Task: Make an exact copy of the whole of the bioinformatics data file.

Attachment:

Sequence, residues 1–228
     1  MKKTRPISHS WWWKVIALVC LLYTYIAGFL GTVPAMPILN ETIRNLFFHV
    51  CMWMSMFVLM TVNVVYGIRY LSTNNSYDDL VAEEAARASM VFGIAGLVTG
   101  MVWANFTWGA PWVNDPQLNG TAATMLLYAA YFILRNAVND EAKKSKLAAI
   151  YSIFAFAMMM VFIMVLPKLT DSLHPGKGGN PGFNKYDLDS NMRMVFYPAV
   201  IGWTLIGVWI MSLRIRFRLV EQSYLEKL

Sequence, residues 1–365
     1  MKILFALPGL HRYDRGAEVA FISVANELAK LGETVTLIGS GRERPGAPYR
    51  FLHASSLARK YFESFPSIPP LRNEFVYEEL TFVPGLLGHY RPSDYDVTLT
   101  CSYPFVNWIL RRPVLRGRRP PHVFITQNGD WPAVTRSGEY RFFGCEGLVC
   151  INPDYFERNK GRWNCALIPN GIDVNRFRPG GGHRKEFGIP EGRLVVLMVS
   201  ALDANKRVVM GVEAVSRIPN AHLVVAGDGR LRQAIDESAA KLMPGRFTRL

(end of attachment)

Sequence, residues 1–228
     1  MKKTRPISHS WWWKVIALVC LLYTYIAGFL GTVPAMPILN ETIRNLFFHV
    51  CMWMSMFVLM TVNVVYGIRY LSTNNSYDDL VAEEAARASM VFGIAGLVTG
   101  MVWANFTWGA PWVNDPQLNG TAATMLLYAA YFILRNAVND EAKKSKLAAI
   151  YSIFAFAMMM VFIMVLPKLT DSLHPGKGGN PGFNKYDLDS NMRMVFYPAV
   201  IGWTLIGVWI MSLRIRFRLV EQSYLEKL

Sequence, residues 1–365
     1  MKILFALPGL HRYDRGAEVA FISVANELAK LGETVTLIGS GRERPGAPYR
    51  FLHASSLARK YFESFPSIPP LRNEFVYEEL TFVPGLLGHY RPSDYDVTLT
   101  CSYPFVNWIL RRPVLRGRRP PHVFITQNGD WPAVTRSGEY RFFGCEGLVC
   151  INPDYFERNK GRWNCALIPN GIDVNRFRPG GGHRKEFGIP EGRLVVLMVS
   201  ALDANKRVVM GVEAVSRIPN AHLVVAGDGR LRQAIDESAA KLMPGRFTRL